The 2014 Stanley Cup Playoffs were as unpredictable as ever, and fantasy owners can expect many developments from around the NHL to impact next year's landscape.
There were elite-level players (Anze Kopitar, Drew Doughty, Henrik Lundqvist, Patrick Kane, P.K. Subban, etc.) who fueled deep playoff runs for their respective teams, as well as breakout stars from the regular season (Nathan MacKinnon, Jamie Benn, Ryan McDonagh, Ryan Johansen, Matt Niskanen, etc.) who carried over their strong play to the big stage.
But the players who will stick in the minds of fantasy owners all summer long are the playoff surprises and disappointments. Here are some players who are trending in fantasy, for better or worse, heading into the offseason as a result of their postseason performances.
Marian Gaborik: It's safe to say the champion Los Angeles Kings won the NHL Trade Deadline by acquiring Gaborik, who scored 14 goals this postseason -- tied for the most in a single playoff year since Sidney Crosby had 15 in 2008-09. Gaborik is set to become an unrestricted free agent July 1, but it's hard to envision him leaving Los Angeles given his career revitalization and chemistry in a complementary role. Gaborik, who was mired by injury in the regular season, teamed with Kopitar to form the NHL's best postseason point pair (13 team goals on which each had a point). If Gaborik stays, that should be a dangerous duo in 2014-15.
Paul Stastny: The Gabriel Landeskog-Stastny-MacKinnon line exploded in the Colorado Avalanche's Western Conference First Round series against the Minnesota Wild. Stastny had 10 points in seven games with four of his five goals coming in the third period or overtime. He hasn't hit 70-plus points since 2009-10, but had a strong fantasy showing in 2013-14 (60 points, 15 power-play points, 150 shots on goal). The UFA will either stay with the Avalanche to be a part of something special with MacKinnon or be the most sought-after center on the market.
Brandon Saad: Saad, 21, had five multipoint games this postseason (T-2nd in NHL) and nearly helped the Chicago Blackhawks rally from a 3-1 series deficit with stellar efforts in Games 5-7 against Los Angeles in the Western Conference Final. He finished tied for the second-best rating (plus-10) behind Conn Smythe Trophy winner Justin Williams (plus-13) and was especially effective when playing alongside Andrew Shaw and Kane. The Blackhawks reportedly will not re-sign Michal Handzus and are likely to either acquire a new No. 2 center or turn to touted prospect Teuvo Teravainen in that role. Given Saad's maturation and the talent around him, fantasy owners should target him in middle rounds of standard drafts and expect 25-30 goals next season.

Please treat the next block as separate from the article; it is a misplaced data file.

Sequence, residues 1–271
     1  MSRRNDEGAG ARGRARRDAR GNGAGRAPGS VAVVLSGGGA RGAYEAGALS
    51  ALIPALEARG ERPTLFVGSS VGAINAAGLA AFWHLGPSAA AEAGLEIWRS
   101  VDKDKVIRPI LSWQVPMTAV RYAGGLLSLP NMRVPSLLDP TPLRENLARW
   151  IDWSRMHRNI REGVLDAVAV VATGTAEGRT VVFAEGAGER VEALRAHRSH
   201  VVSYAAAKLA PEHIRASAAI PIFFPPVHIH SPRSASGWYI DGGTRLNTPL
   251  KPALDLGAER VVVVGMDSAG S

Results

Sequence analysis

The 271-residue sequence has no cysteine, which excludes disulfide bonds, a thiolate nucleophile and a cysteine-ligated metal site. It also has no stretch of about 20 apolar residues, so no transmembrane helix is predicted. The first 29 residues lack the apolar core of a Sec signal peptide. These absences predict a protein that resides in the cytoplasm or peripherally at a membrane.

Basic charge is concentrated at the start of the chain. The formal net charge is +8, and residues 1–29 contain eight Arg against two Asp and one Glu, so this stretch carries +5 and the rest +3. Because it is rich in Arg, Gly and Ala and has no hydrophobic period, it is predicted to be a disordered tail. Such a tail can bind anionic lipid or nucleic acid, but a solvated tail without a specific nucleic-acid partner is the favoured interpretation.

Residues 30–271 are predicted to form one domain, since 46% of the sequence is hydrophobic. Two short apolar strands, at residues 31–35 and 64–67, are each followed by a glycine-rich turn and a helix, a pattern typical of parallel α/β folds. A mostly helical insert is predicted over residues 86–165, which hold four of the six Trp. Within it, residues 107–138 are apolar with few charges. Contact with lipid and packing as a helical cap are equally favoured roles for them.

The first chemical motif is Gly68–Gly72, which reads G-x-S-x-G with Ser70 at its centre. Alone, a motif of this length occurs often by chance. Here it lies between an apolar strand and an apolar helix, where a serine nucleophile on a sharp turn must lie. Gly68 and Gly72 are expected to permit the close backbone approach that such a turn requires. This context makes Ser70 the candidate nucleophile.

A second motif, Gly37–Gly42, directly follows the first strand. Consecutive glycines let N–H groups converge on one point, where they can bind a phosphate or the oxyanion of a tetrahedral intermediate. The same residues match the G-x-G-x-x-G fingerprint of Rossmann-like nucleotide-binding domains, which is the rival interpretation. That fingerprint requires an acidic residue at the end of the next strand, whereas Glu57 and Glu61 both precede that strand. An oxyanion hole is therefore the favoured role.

Boone Jenner: The Columbus Blue Jackets have one of the deepest forward groups in the NHL, but Jenner has still found his niche on their top line with Johansen. Jenner, 21, finished 25th in the League in regular-season hits (212) and came alive offensively in the playoffs, especially with the man advantage (four power-play points). Jenner had points in five of six games in the first round against the Pittsburgh Penguins and scored three goals (two PPG, T-8th in NHL). Johansen, one of the biggest fantasy steals this season, could have an even greater "splash effect" on Jenner in 2014-15.
Goalies on rise: Per Elias Sports Bureau, the Anaheim Ducks were the only team ever to have more than one rookie goalie win two-plus games in one playoff year. Anaheim was eliminated by Los Angeles in seven games in the Western Conference Second Round, and there was a shift from UFA-to-be Jonas Hiller to John Gibson and Frederik Andersen over the course of the postseason. Expect those two to carry the torch for the Ducks next season and be one of the more efficient fantasy timeshare tandems. ... The Philadelphia Flyers didn't have Steve Mason for their entire seven-game Eastern Conference First Round series against the New York Rangers due to injury, but his playoff showing means the Flyers (finally) won't have to worry about that position entering the offseason. Mason won 30-plus regular-season games for the first time since 2008-09 and posted the best playoff goals-against average (1.97) and save percentage (.939) among goalies with at least five appearances.